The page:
Posted Jul 01, 2013 06:00 am CDT
In the early morning hours of April 15, even as President Abraham Lincoln lay dying from a gunshot wound to the head, local police in Washington, D.C., arrived at a boardinghouse in the city’s Northwest quadrant in search of John Wilkes Booth. Booth and other Confederate sympathizers had been known to frequent the white painted-brick house, as well as a tavern just outside the city, both owned by widow Mary Surratt.
While the attack on Lincoln was being carried out at Ford’s Theatre, a simultaneous attack on Secretary of State William Seward in his home left the government in a frenzy over the potential extent of the conspiracy. Teams of law enforcement officers—first local, then federal—focused on the comings and goings at the Surratt house. At first, they found nothing. But two days later, federal officers returned with orders to search the premises and arrest everyone staying there. An abundance of circumstantial evidence was found, but a chance meeting helped seal the suspicion that Surratt was part of the plot. As she was being led away, a man showed up seeking refuge, clearly in disguise. Surratt said she didn’t know him, but it turned out to be Lewis Powell—identified as the man who’d stabbed Seward. By the time the roundup was done, nine co-conspirators were arrested, all of whom had some connection to Surratt.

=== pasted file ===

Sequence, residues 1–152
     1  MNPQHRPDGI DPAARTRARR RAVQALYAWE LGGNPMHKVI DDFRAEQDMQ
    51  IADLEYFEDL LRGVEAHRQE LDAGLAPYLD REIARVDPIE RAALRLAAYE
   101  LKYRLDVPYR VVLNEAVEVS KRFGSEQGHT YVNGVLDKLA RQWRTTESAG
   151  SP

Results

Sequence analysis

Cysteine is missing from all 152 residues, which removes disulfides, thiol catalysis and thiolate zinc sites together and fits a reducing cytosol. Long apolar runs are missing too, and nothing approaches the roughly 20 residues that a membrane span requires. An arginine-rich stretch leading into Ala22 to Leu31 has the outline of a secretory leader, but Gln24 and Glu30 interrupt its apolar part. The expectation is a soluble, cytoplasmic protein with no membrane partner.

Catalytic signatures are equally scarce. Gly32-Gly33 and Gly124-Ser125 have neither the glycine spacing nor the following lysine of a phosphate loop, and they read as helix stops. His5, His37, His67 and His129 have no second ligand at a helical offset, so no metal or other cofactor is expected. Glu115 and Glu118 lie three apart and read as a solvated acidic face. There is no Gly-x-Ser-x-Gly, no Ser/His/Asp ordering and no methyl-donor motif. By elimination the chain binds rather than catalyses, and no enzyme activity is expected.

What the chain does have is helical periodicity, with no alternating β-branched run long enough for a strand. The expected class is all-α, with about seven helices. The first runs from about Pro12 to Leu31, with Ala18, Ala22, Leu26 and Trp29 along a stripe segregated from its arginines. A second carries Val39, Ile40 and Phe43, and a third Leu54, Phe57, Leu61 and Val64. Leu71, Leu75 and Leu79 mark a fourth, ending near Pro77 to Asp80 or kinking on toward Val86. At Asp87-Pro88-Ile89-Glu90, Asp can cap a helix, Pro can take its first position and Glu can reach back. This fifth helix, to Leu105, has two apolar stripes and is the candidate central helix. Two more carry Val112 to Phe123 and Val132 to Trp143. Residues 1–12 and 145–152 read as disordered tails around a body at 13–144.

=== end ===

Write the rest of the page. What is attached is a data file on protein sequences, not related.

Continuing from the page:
By order of President Andrew Johnson (another target of the conspiracy), the nine, though civilians, were tried by a military commission. Their trial was held at the Washington Arsenal, a military outpost on the Potomac River. The proceedings began May 9 and ended June 28. When the sentences were handed down on June 30, four were sentenced to death: Surratt; Powell; Powell’s accomplice, David Herold; and Johnson’s would-be assassin, George Atzerodt.
Pleas for Surratt’s life, including one by five of the sentencing judges, went unheeded by President Johnson. On the morning of the execution, marshals attempting to serve a writ of habeas corpus were turned away at the gates of the arsenal. Johnson canceled the writ under the Habeas Corpus Suspension Act of 1863.
Though Surratt (sitting under the umbrella at far left) continued to profess her innocence, she and the three others were led to a hastily constructed gallows on the grounds of the arsenal. After a process that took barely 20 minutes, Surratt and her former boarders were dead.